I am now teaching him to fight through distractions to help him focus on his tasks as I had difficulty with this in the past.  My problem was that all of the distractions were in my own head.  I have learned to work around it.  It seems that I need a lot of outside activity to focus.  I tend to write and study in a noisy room.  I find it difficult to work in quiet, but it seems the opposite for my son.  Certain tasks he can complete within seconds, but others take some time if there are outside distractions like other children.  Working in a group is distracting to him.  He seems to only be distracted in writing exercises, but not with math (I had the some problem, but it was the total opposite.  I could drown out distractions when I was working on writing projects, but I would become extremely distracted when working on math).  Although, my son is an honor roll student, I don’t want this to become a problem for him.  I am opened to suggestions.

My son loves to read and is extremely focused when he is reading.  I know he is capable of focusing,  He has had this issue with focusing on a task in the past, but I didn’t last the entire school term.  It would usually happen close to the beginning.  Still, I don’t want it to hinder him.  I hope I am not overreacting, but I want to be proactive so it will not grow into something that will disrupt his academic success.

 

Write on Wednesday #7

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Today’s Writing Prompt:  Describe one thing from three different points of view.

  1. A three-year-old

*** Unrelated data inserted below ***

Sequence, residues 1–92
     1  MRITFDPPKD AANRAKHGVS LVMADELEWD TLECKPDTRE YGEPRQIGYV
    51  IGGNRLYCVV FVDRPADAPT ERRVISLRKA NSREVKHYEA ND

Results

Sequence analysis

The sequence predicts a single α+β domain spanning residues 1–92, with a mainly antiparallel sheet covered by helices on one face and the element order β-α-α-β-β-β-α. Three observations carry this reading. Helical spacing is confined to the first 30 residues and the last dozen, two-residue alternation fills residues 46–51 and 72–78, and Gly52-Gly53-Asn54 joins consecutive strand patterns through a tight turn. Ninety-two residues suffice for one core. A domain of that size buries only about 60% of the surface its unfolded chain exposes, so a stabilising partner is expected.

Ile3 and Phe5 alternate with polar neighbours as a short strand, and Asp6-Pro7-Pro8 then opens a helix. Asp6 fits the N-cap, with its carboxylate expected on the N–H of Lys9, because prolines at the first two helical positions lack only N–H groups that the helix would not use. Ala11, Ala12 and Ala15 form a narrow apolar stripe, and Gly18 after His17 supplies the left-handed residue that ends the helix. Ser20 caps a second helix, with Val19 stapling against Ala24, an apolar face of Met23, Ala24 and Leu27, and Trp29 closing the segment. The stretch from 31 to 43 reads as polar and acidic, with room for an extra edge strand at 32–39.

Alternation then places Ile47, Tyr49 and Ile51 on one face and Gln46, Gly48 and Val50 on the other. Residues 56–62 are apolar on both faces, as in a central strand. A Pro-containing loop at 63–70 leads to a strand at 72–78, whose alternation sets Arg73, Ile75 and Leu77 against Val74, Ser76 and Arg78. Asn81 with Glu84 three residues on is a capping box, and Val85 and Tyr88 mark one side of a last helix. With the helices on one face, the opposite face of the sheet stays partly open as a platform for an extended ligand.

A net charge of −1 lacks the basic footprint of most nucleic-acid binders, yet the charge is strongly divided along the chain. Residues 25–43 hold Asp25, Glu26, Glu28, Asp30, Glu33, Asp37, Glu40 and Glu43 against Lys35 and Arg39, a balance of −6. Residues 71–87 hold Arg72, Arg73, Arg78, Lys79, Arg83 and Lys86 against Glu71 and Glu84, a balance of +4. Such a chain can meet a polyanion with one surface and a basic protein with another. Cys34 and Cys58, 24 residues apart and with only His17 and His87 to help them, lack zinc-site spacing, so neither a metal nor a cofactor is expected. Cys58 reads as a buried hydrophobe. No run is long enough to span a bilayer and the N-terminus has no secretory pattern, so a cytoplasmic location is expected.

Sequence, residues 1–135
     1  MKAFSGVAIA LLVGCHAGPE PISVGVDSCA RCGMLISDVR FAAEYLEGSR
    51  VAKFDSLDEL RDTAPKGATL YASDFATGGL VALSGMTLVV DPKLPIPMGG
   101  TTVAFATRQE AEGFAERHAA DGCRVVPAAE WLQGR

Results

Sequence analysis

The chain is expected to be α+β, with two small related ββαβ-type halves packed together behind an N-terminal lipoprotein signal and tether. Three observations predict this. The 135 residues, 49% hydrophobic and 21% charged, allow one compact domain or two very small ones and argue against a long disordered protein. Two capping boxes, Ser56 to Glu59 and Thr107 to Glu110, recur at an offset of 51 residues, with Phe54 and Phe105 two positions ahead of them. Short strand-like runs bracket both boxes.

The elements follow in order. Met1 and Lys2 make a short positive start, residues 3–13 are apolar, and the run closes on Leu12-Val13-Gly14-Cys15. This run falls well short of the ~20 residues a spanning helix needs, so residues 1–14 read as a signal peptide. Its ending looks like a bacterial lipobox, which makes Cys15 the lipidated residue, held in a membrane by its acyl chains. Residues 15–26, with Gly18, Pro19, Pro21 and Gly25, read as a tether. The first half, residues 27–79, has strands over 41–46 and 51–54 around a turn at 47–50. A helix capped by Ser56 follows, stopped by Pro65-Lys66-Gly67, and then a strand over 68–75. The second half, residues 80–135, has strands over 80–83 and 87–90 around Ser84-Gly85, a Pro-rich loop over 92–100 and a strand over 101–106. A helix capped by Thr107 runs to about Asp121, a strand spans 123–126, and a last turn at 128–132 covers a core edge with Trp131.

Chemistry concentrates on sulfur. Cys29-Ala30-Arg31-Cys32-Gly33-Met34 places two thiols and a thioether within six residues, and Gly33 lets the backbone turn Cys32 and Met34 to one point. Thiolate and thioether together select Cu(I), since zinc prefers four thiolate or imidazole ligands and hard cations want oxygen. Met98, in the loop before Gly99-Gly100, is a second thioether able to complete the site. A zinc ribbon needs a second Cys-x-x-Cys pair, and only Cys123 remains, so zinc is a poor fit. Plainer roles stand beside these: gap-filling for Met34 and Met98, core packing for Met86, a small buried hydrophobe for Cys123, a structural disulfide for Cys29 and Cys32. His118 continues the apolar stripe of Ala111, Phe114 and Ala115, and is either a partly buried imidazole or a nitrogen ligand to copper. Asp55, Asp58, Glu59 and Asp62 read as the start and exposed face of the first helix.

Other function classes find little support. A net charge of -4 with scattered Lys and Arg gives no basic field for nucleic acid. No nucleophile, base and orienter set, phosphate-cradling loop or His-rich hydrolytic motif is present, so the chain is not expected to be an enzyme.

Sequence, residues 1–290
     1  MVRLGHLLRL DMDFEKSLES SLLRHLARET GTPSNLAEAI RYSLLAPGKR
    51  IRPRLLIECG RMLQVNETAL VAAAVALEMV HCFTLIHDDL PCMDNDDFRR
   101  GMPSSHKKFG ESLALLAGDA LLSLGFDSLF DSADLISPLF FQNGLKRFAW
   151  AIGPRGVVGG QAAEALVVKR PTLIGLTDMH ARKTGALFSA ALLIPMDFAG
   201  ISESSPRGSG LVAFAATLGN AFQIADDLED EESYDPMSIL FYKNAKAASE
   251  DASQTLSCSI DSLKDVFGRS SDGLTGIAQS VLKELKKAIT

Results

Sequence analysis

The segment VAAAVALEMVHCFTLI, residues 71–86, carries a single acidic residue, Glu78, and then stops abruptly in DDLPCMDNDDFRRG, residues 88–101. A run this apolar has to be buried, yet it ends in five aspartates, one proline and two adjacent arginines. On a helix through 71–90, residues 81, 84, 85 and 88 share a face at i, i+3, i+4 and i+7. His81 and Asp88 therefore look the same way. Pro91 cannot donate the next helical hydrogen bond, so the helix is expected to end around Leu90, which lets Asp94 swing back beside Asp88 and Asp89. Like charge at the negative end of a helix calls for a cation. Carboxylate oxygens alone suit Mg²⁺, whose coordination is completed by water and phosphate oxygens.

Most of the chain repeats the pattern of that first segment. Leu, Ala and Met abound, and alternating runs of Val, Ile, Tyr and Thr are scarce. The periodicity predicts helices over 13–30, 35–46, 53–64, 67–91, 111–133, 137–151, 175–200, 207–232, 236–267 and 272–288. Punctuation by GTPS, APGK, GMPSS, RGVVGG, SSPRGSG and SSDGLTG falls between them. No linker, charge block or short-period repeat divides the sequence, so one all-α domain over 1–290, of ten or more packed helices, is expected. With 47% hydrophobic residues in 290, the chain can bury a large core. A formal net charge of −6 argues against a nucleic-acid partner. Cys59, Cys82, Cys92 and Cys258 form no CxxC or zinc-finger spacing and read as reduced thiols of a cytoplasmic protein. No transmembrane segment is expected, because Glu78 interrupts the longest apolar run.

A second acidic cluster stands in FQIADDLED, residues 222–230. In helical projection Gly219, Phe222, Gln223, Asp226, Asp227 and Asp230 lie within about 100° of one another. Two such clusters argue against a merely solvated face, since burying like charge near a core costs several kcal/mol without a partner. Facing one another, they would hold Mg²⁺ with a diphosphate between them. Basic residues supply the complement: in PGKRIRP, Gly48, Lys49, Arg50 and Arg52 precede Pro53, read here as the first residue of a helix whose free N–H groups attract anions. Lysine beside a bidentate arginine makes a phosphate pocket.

2. A teenager
  3. A 50-year-old woman who has just completed a 30 year prison sentence

Introverts: You Gotta Love Us, but Understand Us First

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I have been called many things because I am an introvert.  I’ve been called shy, standoffish, snobby, weird, and the list goes on and on.  I have noticed that since I have come to love, accept, and be honest about my introversion, everyone else has done the same.  It still takes a while for people to get used to me, but I no longer worry about whether or not they like it or not.  I love it and I love me.

For anyone who is not used to the behaviors of introverted people, here are some things you may want to know:

  1. There is no need to “break us out of a shell”.  Certainly we have a shell and we usually like to spend time in it alone, but its our shell and we like it.  If you are patient enough you may be invited in.  By no means should you attempt to break it!
  2. Our need to be away from you should not be taken personally.  You haven’t done anything to offend us.  We just need alone time to think and recharge.
  3. We do like people.  We just pick and choose the time we spend around them, and we usually like them in smaller doses.
  4. There is nothing wrong with us.  Please stop asking if something is wrong and if we tell you nothing is wrong – BELIEVE US AND WALK AWAY

The main thing to consider is that we are just the way we are.  Don’t try to fix us because we aren’t broken.

Packing a Lunch

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I was packing a lunch for my son this morning and I flashed back to the night before when I was in the store getting the last of his school supplies.  I was peeking into other people’s shopping carts and scoping out what they were buying and wondering if what they were purchasing would wind up in a child’s lunch boxes.  Then I wondered what  influenced those particular selections.  Then I started to think of other possible alternatives for my son.  Here are the three questions I ask myself as I plan my son’s lunches:

  1. Will it “go bad” before lunchtime?
  2. Is it healthy?
  3. Is he going to like it?

I usually pack things like celery sticks, nut butters, grapes, and things like that.  I steer clear of processed foods.  Although my son has never complained, I would like to switch it up a bit.  Any suggestions?